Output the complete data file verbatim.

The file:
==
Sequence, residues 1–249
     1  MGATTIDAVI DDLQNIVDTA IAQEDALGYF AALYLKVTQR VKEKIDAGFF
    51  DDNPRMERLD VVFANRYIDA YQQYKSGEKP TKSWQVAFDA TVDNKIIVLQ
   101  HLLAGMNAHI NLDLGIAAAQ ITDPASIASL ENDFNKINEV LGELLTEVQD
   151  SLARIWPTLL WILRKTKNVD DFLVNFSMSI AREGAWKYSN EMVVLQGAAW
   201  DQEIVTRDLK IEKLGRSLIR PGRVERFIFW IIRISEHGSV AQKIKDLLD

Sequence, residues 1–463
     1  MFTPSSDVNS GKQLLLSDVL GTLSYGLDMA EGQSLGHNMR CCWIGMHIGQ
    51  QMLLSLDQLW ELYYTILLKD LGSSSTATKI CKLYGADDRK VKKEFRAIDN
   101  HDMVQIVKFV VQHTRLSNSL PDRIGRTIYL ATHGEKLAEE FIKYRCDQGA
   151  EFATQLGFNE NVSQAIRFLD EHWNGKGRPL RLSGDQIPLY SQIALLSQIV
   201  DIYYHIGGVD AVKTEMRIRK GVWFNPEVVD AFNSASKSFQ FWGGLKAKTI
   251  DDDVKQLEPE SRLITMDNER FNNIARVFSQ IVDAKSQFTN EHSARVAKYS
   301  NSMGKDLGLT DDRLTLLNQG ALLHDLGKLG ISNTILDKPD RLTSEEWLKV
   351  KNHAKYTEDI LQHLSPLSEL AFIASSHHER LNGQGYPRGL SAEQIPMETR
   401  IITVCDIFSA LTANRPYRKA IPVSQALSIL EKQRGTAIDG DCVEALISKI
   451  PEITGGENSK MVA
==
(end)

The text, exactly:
Sequence, residues 1–249
     1  MGATTIDAVI DDLQNIVDTA IAQEDALGYF AALYLKVTQR VKEKIDAGFF
    51  DDNPRMERLD VVFANRYIDA YQQYKSGEKP TKSWQVAFDA TVDNKIIVLQ
   101  HLLAGMNAHI NLDLGIAAAQ ITDPASIASL ENDFNKINEV LGELLTEVQD
   151  SLARIWPTLL WILRKTKNVD DFLVNFSMSI AREGAWKYSN EMVVLQGAAW
   201  DQEIVTRDLK IEKLGRSLIR PGRVERFIFW IIRISEHGSV AQKIKDLLD

Sequence, residues 1–463
     1  MFTPSSDVNS GKQLLLSDVL GTLSYGLDMA EGQSLGHNMR CCWIGMHIGQ
    51  QMLLSLDQLW ELYYTILLKD LGSSSTATKI CKLYGADDRK VKKEFRAIDN
   101  HDMVQIVKFV VQHTRLSNSL PDRIGRTIYL ATHGEKLAEE FIKYRCDQGA
   151  EFATQLGFNE NVSQAIRFLD EHWNGKGRPL RLSGDQIPLY SQIALLSQIV
   201  DIYYHIGGVD AVKTEMRIRK GVWFNPEVVD AFNSASKSFQ FWGGLKAKTI
   251  DDDVKQLEPE SRLITMDNER FNNIARVFSQ IVDAKSQFTN EHSARVAKYS
   301  NSMGKDLGLT DDRLTLLNQG ALLHDLGKLG ISNTILDKPD RLTSEEWLKV
   351  KNHAKYTEDI LQHLSPLSEL AFIASSHHER LNGQGYPRGL SAEQIPMETR
   401  IITVCDIFSA LTANRPYRKA IPVSQALSIL EKQRGTAIDG DCVEALISKI
   451  PEITGGENSK MVA